It was supposed to be a day of liberation for the Grenada Trade Union Council (TUC) as it celebrated Labour day with its seven active trade unions in anticipation of “the special announcement” that was to be made by Minister of Labour, Oliver Joseph.
However, the day turned out to be an unhappy one for the senior government minister and Member of Parliament for St. David as workers booed and heckled him as he delivered the traditional Labour Day address on behalf of the employers.
Labour Day was celebrated in Gouyave on Monday under the theme, “Positioning and Empowering Labour to share in the gains of Economic Success for Improved Standard of Living.”
After the street march from Maran, St. John to Cuthbert Peters Park in Gouyave amidst an interesting display of art and costume designs from the trade unions, the workers assembled at the park to await the special announcement solution from the Minister in relation to the restoration of pension for public officers.
The pension issue has been on the line for over 30 years following the decision of the left-leaning 1979-83 People’s Revolutionary Government (PRG) of late Prime Minister Maurice Bishop to do away with pension for civil servants on the establishment of the state-run National Insurance Scheme (NIS) under a so-called People’s Law.
In recent months, the ruling New National Party (NNP) government of Prime Minister Dr. Keith Mitchell has been giving workers assurances that the issue would be dealt with as a priority before the next general election.
In the face of no concrete proposals being put on the table, the Public Workers Union (PWU) held a march last month that was supported by the Grenada Union of Teachers (GUT) and the Grenada Technical and Allied Workers Union (GTAWU) to remind the administration about the issue.
The government responded that on May Day, a special announcement will be made in regards to pension.
Minister Joseph came in for a hard time as he took to the podium on Monday to deliver his speech.
He was booed half way through his speech and upon finishing did not receive as much as five claps from the hundreds of workers assembled in the park.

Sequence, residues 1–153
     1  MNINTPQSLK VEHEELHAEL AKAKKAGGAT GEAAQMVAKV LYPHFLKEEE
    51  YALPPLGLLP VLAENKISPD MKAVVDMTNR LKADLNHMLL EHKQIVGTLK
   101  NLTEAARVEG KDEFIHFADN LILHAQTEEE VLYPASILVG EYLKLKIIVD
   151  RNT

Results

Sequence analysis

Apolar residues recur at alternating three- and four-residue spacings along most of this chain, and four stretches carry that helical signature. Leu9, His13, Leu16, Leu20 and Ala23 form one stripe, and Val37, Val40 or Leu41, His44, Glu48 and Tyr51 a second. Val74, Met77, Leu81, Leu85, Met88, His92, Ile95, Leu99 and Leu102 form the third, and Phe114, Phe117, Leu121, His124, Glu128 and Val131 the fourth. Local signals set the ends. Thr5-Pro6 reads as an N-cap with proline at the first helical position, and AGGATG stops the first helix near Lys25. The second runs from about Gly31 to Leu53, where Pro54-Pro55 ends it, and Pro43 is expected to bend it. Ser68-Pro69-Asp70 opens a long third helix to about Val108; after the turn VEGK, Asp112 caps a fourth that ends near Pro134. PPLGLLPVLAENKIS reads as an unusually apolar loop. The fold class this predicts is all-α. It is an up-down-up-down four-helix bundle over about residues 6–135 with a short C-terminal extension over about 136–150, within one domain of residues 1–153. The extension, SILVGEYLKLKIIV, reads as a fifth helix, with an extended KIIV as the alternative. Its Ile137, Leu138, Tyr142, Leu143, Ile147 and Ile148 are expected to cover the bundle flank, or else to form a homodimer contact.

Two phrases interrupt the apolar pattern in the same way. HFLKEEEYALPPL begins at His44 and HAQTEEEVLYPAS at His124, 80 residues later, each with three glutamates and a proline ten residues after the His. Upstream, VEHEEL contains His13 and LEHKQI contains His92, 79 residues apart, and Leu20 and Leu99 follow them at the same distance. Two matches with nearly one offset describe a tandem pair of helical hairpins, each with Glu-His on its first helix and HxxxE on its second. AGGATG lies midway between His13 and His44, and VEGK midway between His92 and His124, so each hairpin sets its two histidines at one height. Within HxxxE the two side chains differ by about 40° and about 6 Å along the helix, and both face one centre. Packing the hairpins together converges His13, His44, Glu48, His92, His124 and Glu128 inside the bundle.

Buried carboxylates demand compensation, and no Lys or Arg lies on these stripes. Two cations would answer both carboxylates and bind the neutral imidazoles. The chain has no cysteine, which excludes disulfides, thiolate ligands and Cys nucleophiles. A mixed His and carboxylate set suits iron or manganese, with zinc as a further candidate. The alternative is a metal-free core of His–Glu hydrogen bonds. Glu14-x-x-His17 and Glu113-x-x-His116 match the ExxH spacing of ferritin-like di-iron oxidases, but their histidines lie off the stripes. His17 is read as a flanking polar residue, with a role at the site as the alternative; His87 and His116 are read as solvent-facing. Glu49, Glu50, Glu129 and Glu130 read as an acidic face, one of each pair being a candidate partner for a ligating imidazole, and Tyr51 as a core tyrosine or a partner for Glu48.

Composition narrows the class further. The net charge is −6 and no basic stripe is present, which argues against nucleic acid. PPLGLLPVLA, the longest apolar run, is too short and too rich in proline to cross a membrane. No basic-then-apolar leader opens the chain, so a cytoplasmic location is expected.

President of the PWU, Rachel Roberts who was chairing the event was heard asking the gathering, “Sisters and Brothers, did the minister come with the solution? The response was “no” and was echoed throughout the entire park.
In his speech, Minister Joseph said the government will solve the problem and restore pensions to state employees in a manner that is sustainable and just.
“I know that there is a mistrust and suspicion of politicians…but on the issue of pension restoration our government has demonstrated in practice that its word is bond. Firstly, we promised removal of Personal Income tax on Severance pay and within three months of taking office, Deputy Prime Minister and Minister of Labour, Elvin Nimrod declared at May Day 2013 at La Sagesse, that the tax will be abolished and it was done”.
“This government removed Personal Income tax on NIS pension. We removed Personal Income tax on pensions and retiree benefits. This government has delivered on its promise,” he said.
The senior government minister referred to the challenges that are on the table in restoring pension to public officers.
“Some studies have estimated a cost for pension restoration to be within the vicinity of one billion dollars. So, we first have to identify and document all workers who may be entitled. We then have to cost that entitlement. We then have to identify the fiscal resources to pay, not only retroactively but into the future…the question of pension reform, therefore will arise”, he told workers.
“… The road ahead is indeed challenging but if we work together, a mutually agreeable and just solution will be found to bring financial relief to the hundreds of government workers who are now without pension and whose old age security has been compromised”, he said.
PWU President Roberts tore into the Minister after his speech by reminding him that he did not give the answer that public officers were looking for on Labour Day